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How Does Lindbergh Stack Up Technologically?

Lindbergh High School isn't the only laptop-friendly school among nine looked at here.

Upgrade by upgrade, both public and private schools in our area appear to work hard to improve technology resources for their students. Different schools take different approaches toward the adoption of wireless networks, laptop rentals and smart boards in classrooms.

But one thing became evident in looking at 10 schools in the area.

A mere computer lab doesn't seem to cut it anymore—quite unlike a decade ago. Remaining competitive in today's school-tech game likely requires a whole lot more.

School districts such as Lindbergh, Rockwood and Ladue allow students to bring their own computers to school. There are no school computers for students to take home. Both Parkway and Kirkwood schools hope to enable access for students' personal computers at school in the near future.

On the flip side, private schools like Villa Duchesne Sacred Heart and MICDS provide computers for students but don't allow students to bring their own laptops to school.

Clayton High School and Thomas Jefferson School in Sunset Hills mix it up a bit by allowing students to bring their own computers to school and lending the occasional school-owned laptop to students during school hours. Neither school supplies every student with a computer—most had their own.

In the race to provide information access, no one school or district seemed to hold the clear title of leader. Take a look at what each school does have, below.

Lindbergh High School

Sources: Mariano Marin-Gomez, director of technology; and Beth Cross, director of community relations

  • As of January, students can access the school's wireless Internet connection using laptops, netbooks, iPads and other devices brought from home.
  • When computers are required for assignments, students have the option of using school laptops in the classroom, but they cannot take school equipment home.
  • Because the high school does not have as many laptops as it has students, teachers reserve laptop carts as needed.
  • Students share an Internet connection of 40 megabits per second, which should be upgraded to 100 megabits per second in the coming months.
  • The Lindbergh Interactive Classroom (LINC) system will provide electronic whiteboards and other resources to every classroom in the district within three years.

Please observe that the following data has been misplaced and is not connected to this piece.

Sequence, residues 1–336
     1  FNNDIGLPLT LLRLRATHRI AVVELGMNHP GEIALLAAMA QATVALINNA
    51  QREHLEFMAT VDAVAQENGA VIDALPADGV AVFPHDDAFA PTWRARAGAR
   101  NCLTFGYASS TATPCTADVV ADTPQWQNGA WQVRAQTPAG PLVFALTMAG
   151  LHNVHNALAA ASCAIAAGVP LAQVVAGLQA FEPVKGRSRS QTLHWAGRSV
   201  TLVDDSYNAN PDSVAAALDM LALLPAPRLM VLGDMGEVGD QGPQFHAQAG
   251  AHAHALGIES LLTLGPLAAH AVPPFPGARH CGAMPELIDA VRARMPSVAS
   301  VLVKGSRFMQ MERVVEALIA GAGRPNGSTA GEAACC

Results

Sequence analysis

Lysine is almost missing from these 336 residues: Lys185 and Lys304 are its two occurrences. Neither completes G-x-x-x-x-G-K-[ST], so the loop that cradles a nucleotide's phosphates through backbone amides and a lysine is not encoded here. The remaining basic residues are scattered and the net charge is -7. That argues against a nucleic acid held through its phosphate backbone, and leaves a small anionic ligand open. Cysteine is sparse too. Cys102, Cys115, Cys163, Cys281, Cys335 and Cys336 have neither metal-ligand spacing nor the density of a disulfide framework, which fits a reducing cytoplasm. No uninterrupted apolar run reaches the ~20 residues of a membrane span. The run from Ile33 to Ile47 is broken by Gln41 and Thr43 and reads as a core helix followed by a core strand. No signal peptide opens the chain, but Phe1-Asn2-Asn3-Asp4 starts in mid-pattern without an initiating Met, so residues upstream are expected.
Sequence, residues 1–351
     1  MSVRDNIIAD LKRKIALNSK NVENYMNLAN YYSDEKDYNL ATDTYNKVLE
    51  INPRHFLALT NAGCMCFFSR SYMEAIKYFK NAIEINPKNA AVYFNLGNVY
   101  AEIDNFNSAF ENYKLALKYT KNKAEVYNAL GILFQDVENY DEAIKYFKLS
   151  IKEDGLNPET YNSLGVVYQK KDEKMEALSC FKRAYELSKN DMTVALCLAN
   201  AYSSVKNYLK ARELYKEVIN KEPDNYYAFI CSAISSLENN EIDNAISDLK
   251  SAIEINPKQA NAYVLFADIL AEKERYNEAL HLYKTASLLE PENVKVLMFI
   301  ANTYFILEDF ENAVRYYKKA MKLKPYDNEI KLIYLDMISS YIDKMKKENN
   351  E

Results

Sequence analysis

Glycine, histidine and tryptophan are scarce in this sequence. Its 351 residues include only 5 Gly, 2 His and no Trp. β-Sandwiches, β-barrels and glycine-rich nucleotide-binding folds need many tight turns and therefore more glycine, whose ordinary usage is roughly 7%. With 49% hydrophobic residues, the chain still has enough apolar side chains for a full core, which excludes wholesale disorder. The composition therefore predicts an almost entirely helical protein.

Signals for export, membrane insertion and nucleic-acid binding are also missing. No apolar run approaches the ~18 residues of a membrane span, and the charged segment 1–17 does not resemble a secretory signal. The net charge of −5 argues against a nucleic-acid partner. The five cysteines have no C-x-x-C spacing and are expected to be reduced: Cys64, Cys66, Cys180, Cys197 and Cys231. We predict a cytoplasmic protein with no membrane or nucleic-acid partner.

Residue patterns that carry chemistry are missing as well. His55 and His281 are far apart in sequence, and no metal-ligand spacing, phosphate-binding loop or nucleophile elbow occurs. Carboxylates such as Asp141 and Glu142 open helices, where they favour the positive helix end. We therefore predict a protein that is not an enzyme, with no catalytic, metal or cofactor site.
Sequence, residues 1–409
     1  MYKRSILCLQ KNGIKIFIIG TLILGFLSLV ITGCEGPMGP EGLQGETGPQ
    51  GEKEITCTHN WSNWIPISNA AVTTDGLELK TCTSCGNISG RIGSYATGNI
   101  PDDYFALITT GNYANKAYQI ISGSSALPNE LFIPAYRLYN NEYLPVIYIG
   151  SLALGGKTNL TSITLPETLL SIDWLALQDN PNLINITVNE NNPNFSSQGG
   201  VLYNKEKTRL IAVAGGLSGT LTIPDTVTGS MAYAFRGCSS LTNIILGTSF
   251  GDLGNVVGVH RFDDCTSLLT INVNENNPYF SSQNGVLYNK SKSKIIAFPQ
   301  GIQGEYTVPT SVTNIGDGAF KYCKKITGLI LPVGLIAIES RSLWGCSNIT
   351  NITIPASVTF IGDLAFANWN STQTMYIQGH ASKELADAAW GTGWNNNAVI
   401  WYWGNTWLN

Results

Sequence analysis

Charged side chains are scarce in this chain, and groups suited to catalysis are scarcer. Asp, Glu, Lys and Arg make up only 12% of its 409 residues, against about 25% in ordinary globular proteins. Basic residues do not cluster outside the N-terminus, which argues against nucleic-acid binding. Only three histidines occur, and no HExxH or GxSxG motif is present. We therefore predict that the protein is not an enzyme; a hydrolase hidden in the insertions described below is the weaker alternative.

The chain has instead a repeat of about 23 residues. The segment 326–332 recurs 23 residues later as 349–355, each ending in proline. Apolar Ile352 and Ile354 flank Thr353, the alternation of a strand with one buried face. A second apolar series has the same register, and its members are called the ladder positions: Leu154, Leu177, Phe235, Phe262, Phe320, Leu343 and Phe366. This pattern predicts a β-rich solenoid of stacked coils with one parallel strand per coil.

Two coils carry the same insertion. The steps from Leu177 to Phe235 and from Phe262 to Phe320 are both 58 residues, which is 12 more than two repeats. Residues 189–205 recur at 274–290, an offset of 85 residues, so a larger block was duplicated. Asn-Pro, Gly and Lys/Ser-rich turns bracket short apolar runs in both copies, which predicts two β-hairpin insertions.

• Approximately 10 percent of the student population--150 to 200 students --uses the wireless Internet connection at any given time.

Source: Jane Pesek, director of development

  • Thomas Jefferson School's classrooms, common areas, dormitories and arts and athletic complexes all have wireless Internet. 
  • The school has laptops for students to borrow, but they don't often ask.
  • Students may use personal computers and other Internet-ready devices from home on the school's wireless network.
  • Thomas Jefferson does not have computer labs in the traditional sense, but there are four computers each in the Sunroom and the Lincoln Library, which are networked to printers and a copy machine.  
  • Classrooms are equipped with interactive whiteboards.

Source: Ginger Fletcher, director of community relations and development

  • A wireless system is in place for use by district-owned computers.
  • Students are not able to use their own computers on the wireless network, although that is under consideration. 
  • There are computer labs for art, journalism, engineering and computer classes, as well as minilabs for English and social studies classrooms. All science classrooms have laptops for student use.
  • The computers are not available for students to take home.
  • The wireless network runs at 108 megabites per second.
  • All classrooms have interactive whiteboards and computers. 

Source: Cathy Kelly, community relations coordinator

  • All schools have wireless connections, with 54 megabits per second coming from each wireless access point. 
  • Students cannot use the wireless Internet connection with their own computers, but they should be able to do so next year.